April: Alcohol Awareness
Thanks to the National Council on Alcoholism and Drug Dependence,
April is Alcohol Awareness Month with a special focus on the
prevention of underage drinking. This month of programs and
activities provide an opportunity for all health care professionals,
parents, and educators to make efforts at early detection,
prevention, and referral of alcohol problems.
Why spend time thinking about alcohol? Alcohol creates problems
for both individuals and for society as a whole. Unfortunately,
every year, fewer than 7 percent of the approximately 10 million
Americans with alcohol problems get the help they need.
Alcohol problems tend to start during
adolescence and young adulthood. This can be a critical window
to catch alcohol problems because adolescents usually have
not yet developed the medical and legal problems that result
from alcohol. That is, long before the adult patterns of
dependence, tolerance, and severe withdrawal, the adolescent
may show a pattern of excessive drinking (more than 5 drinks
at a time). Likewise, while adults may die from the severe
medical consequences of alcohol (like cirrhosis, dementia,
or esophageal varices), adolescent users may show a large
liver, gastritis, or hematologic abnormalities. And, before
the significant legal issues such as arrests due to driving
while intoxicated, vehicular homicide, or disorderly conduct
due to alcohol, teens may have an increase in accidents (ascribed
to "clumsiness"), or complaints by friends
about the individual's drinking and driving. Long before individuals
are fired from jobs or are unemployable, they are late in getting
projects done, they miss school assignments, or have poor school
performance. All of these are serious issues when an adolescent
comes into contact with alcohol.
For adolescents with attention deficit disorder (ADD) the
combination of alcohol with baseline impulsivity can be additive.
Among those with depression, alcohol can worsen the low mood
or increase the risk of harm to others, self-harm, and/or suicide.
Such students who also use alcohol need particularly good supervision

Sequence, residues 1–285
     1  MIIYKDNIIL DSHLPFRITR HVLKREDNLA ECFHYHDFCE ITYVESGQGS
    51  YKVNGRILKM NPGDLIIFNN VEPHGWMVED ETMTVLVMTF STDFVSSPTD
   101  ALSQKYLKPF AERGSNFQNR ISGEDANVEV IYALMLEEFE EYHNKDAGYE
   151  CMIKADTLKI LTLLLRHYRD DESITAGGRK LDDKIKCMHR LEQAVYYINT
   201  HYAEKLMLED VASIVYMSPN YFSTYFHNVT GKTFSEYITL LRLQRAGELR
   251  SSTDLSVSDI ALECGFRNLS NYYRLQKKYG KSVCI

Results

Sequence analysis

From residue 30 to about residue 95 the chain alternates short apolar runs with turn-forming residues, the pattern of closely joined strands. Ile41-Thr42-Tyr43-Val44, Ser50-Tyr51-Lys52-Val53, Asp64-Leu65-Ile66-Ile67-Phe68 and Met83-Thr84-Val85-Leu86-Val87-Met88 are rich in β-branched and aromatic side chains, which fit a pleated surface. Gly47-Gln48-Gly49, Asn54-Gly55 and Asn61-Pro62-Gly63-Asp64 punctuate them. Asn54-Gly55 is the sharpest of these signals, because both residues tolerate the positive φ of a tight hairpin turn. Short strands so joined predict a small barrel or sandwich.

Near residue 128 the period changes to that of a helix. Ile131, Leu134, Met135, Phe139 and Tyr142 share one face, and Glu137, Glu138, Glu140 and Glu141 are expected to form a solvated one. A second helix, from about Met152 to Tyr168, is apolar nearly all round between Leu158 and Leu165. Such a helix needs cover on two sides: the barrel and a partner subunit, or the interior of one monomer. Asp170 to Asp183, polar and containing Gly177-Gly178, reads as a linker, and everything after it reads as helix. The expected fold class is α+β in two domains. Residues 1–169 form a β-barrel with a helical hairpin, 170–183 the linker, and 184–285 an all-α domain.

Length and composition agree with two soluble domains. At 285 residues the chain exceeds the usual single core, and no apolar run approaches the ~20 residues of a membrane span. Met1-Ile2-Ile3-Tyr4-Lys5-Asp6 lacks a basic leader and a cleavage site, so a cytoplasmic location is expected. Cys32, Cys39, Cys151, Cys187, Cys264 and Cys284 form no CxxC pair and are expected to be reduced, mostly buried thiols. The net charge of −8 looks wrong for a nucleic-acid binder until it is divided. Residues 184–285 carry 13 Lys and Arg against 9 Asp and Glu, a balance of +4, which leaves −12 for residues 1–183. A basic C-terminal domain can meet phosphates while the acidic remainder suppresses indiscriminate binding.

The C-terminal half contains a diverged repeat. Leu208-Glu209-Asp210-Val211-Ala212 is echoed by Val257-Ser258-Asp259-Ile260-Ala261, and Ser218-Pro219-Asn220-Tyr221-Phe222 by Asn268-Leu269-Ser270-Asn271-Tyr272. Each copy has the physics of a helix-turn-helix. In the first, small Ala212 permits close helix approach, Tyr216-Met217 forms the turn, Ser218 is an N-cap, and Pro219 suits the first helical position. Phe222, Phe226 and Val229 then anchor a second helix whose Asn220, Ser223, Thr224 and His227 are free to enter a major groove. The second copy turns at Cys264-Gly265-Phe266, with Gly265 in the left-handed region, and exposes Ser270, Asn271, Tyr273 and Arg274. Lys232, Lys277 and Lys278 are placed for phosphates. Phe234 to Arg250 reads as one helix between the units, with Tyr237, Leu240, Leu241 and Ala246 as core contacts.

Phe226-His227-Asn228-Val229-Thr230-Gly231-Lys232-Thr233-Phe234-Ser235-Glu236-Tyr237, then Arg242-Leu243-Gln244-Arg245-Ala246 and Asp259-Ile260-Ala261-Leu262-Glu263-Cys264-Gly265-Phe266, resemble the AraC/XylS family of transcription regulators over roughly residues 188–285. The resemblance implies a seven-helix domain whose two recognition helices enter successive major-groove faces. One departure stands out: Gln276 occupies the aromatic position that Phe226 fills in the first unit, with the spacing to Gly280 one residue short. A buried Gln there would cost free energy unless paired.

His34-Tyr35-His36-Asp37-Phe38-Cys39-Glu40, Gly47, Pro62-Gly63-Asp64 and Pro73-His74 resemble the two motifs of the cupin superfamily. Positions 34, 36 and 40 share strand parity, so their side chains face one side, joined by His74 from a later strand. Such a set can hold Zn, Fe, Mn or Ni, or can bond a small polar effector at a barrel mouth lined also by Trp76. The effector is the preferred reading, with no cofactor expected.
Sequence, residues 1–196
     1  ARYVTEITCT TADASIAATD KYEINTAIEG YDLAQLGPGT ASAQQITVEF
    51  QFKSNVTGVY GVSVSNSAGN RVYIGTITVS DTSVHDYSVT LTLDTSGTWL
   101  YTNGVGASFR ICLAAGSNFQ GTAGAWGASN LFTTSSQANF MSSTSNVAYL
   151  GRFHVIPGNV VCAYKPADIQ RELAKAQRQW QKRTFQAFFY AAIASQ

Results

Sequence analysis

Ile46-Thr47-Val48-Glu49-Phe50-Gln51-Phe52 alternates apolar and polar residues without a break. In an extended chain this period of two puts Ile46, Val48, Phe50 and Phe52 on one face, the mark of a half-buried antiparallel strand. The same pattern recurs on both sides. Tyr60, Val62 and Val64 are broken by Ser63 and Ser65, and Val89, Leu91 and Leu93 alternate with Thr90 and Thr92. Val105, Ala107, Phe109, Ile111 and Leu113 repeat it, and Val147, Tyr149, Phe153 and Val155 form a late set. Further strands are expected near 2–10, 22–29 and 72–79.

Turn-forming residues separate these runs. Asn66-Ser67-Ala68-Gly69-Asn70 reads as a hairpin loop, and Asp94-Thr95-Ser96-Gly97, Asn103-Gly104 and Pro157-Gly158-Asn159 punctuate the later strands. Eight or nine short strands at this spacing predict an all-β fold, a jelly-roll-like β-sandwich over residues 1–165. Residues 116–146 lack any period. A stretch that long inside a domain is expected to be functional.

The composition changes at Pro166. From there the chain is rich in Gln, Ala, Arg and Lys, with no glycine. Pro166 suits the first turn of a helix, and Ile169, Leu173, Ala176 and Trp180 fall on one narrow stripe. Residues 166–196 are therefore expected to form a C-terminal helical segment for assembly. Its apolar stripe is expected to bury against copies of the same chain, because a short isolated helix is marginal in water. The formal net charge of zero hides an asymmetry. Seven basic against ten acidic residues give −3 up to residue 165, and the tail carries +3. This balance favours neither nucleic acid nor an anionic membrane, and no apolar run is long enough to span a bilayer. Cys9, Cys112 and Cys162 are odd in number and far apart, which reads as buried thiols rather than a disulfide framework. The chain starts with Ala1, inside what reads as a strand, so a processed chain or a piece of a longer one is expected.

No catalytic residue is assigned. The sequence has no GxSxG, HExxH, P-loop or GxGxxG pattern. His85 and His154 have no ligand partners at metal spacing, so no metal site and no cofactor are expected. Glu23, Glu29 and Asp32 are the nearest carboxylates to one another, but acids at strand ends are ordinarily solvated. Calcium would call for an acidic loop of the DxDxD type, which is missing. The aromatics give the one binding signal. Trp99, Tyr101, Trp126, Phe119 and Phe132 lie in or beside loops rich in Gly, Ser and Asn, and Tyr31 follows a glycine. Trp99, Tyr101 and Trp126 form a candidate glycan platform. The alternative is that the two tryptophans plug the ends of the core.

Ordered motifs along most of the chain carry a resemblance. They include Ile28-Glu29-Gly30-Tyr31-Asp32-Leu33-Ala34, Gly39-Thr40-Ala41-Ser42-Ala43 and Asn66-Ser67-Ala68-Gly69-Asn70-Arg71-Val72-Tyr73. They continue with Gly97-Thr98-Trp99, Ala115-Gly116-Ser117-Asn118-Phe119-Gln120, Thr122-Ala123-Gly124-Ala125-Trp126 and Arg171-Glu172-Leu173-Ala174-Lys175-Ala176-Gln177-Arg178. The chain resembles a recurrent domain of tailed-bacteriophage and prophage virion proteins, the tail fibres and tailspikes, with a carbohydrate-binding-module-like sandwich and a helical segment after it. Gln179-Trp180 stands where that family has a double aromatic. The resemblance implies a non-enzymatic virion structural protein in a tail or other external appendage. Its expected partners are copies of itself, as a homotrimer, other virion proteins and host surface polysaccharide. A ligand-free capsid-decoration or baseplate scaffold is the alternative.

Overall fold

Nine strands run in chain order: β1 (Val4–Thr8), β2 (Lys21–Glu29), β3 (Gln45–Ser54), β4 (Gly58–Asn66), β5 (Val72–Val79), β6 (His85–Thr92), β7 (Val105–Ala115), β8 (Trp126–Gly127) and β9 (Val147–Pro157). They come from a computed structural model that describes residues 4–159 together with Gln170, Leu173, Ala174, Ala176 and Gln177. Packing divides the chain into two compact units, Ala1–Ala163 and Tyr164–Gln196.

Alcohol awareness month helps all of us confront our own denial
about consequences of alcohol problems in those we know and
in ourselves. Alcohol problems, which tend to be genetic as
well as affected by culture and environment, tend to occur
in families. Unfortunately, families with problems tend to
have a great deal of denial. Helping individuals recognize
their problems with alcohol and helping them to seek out help
can be challenging and rewarding. Health care professionals,
educators, and parents need to be familiar with the early signs
and symptoms of an alcohol problem and to hone their skills
at initiating help for those at risk. Since adolescents rarely
demonstrate the physical signs of tolerance or withdrawal,
monitoring their behavior around alcohol is especially important
when suspecting use. Rather than waiting for tragedy resulting
from alcohol, schools, clinics, and hospitals should mount
major educational programs through out the month of April.
One feature of Alcohol Awareness
Month is the no-drink weekend, on April 2-4th (www.ncadd.org).
Although alcohol is readily available to teenagers in New
York City, it is important for adults to be firm: teenage
drinking is illegal and parents need to be aware of their
responsibilities in not serving alcohol to minors. Parties
for high school students should not allow drinking. Colleges
need to have more active programs offering counseling and
help to students with alcohol problems. Many private schools
have "zero tolerance" policies regarding
drugs and alcohol. Unfortunately, teenagers are likely to experiment
and such programs may deter open reporting of problems and
open discussion—it is better to have a situation in which
teens are able to report on problems. Referrals should be made
to addiction psychiatrists, pediatricians, addiction counselors,
social workers, psychologists, and nurses for a more complete
evaluation after a problem is detected.
Adolescent drinking is as, if not more, dangerous than adult
alcoholism. Hopefully April will bring rays of light to this
major public health problem.
For further information, please call Silver Hill Hospital
1-800-899-4455 (www.silverhillhospital.org) or see the National
Council on Alcoholism and Drug Dependence website (www.ncadd.org).
Richard J. Frances, M.D. is Director of Public and Professional
Information, Silver Hill Hospital. Avram H. Mack, M.D. is at
New York University School of Medicine.